UPDATE: CBC news article

Monday, October 15, 2007

New videos

Jammin' Joel Scott posted a video of CN 405 going through Rothesay on Saturday the 13th. The video features CN 5757, 2454, and 5786 with 120 cars.

On the same day Kevin G caught VIA 14 at Sackville with VIA 6431 and 6425 with 15 Renaissance cars and one of the last Park cars of the season.

This one is in Quebec, but the foliage is great!

Sunday, October 14, 2007

McAdam Saturday

I had the railfan itch, so I went to McAdam on Saturday (the 13th) with my two youngest kids to see the NB Southern eastbound freight. It was a cloudy day, but fortunately it did not rain.

I had been told the eastbound left Mattawamkeag at 11:45 our time, so with the 2 hour transit time it would be in McAdam at 13:45. True to form, when I arrived at that time the freight had just arrived. NBSR 2319, 2612, 9802, and 2317 were the power. They made a drop of 2 boxcars and 3 empty centerbeam flats (all MM&A) and no pickup.

Gary Lee was there taking video.

Jody and his kids showed up to see the freight roll out at 14:00 on the dot. I taped it leaving, then loaded the kids in the van and headed out.

My initial plan was to go to Harvey Lake to catch the fall colours, but as I approached I realized I probably would not have time to get there. I knew the engineer on this train didn't waste time going to Saint John, plus I had a late start from McAdam. Instead, I elected to go to the Harvey siding and get him there after the crossing. In retrospect, my decision to go to Harvey was correct but I should have shot at the other side of the crossing where the colours were much brighter.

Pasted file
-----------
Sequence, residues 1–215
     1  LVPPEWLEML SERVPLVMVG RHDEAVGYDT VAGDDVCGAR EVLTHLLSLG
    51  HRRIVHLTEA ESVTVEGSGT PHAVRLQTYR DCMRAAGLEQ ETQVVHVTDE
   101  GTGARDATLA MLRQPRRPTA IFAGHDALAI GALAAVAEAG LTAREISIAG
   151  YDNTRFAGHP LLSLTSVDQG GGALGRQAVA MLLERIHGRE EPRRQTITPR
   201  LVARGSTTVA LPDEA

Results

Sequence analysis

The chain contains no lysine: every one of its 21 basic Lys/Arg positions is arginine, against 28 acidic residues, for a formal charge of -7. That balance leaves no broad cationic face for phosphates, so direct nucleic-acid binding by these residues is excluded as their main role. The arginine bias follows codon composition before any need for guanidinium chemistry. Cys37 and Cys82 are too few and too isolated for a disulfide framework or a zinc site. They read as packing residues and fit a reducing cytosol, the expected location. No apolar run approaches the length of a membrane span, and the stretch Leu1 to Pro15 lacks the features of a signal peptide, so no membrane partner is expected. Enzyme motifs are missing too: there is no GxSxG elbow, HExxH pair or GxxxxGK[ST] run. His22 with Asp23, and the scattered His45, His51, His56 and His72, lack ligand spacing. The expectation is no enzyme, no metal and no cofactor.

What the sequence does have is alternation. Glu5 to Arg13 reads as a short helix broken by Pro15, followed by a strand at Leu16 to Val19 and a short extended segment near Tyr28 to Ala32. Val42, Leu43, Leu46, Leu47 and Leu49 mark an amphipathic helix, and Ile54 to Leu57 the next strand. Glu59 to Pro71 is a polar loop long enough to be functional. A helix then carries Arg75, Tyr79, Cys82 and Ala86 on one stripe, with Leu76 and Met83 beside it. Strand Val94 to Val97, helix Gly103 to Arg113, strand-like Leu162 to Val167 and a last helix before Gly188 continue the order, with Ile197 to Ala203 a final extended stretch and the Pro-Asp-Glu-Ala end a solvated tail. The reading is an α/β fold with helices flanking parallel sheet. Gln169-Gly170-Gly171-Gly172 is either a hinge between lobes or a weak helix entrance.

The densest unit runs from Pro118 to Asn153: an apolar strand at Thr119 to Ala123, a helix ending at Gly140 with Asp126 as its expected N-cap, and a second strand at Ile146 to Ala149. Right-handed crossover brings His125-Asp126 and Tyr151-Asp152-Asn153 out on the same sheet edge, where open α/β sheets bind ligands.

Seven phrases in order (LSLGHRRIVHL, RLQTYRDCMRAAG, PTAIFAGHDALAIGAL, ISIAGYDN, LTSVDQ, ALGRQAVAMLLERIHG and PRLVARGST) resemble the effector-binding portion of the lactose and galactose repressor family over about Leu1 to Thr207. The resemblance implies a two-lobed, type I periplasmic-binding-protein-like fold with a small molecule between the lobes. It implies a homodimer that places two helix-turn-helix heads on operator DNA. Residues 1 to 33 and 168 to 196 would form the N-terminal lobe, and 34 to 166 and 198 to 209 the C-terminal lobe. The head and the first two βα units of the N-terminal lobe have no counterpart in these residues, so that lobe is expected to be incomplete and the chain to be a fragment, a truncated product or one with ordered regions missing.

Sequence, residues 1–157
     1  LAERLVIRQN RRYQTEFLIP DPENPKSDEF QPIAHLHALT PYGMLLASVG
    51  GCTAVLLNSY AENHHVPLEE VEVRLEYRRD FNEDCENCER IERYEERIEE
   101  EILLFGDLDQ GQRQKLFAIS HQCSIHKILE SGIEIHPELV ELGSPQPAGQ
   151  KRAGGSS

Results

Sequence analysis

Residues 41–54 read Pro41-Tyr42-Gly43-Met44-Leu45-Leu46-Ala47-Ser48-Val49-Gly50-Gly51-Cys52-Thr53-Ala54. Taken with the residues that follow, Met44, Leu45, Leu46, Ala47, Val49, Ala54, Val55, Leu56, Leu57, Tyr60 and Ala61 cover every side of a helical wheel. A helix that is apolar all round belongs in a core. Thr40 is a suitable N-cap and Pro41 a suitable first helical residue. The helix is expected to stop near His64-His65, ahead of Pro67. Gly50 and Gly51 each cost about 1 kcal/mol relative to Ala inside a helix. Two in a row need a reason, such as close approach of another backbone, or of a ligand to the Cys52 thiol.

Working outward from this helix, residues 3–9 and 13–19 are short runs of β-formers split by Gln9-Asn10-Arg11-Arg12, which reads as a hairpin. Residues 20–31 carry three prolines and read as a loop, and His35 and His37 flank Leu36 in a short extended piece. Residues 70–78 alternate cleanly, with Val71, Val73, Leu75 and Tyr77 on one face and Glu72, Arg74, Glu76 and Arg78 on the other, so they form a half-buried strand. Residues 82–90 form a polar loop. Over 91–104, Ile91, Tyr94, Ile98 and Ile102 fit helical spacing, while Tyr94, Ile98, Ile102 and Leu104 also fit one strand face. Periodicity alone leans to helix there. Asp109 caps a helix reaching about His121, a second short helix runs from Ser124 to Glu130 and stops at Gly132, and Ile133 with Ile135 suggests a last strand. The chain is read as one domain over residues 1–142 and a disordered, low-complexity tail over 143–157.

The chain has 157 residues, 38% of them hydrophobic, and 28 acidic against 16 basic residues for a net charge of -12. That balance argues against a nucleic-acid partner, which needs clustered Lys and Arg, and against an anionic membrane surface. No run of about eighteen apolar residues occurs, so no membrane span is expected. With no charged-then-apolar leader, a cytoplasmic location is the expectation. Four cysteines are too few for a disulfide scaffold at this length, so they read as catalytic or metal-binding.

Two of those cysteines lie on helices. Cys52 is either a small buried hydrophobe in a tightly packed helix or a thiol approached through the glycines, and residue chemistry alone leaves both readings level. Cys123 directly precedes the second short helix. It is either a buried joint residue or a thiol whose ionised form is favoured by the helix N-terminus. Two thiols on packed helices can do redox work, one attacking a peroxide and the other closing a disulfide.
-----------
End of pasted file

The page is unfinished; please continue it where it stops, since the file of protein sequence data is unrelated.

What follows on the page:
He rolled through at 14:34 with the four units and 31 cars, at least half of which were woodchip cars.

We spent some time in Harvey looking at the NBSR crane and flatcars in the siding, then headed home to Fredericton and ice cream.

Saturday, October 13, 2007

New VIA Videos

David Chiasson has put some new VIA videos from the Bathurst area on YouTube.

First, a blast from winter as VIA 14 rounds a bend near Beresford.

Here`s a VERY nice shot of VIA 14 with 3 engines at Jacquet River.

This one shows the same train, I believe, approaching Beresford at the overhead crossing I like so much.

Thursday, October 11, 2007

VIA Rail Announcement

There was a major VIA Rail announcement this afternoon at 3:30 PM Atlantic time. "Canada's New Government" announced they will be investing $691.9 million in VIA Rail over the next five years. $175.9 million will go toward "transitional operational costs" and $516 million will go toward capital projects.

If this sounds very familiar, then-Transport Minister David Collenette announced the same package back on October 24, 2003. His announcement was a five year investment package valued at $692.5 million. Transport 2000 article.

Today's funding is new funding, not included in the federal budget.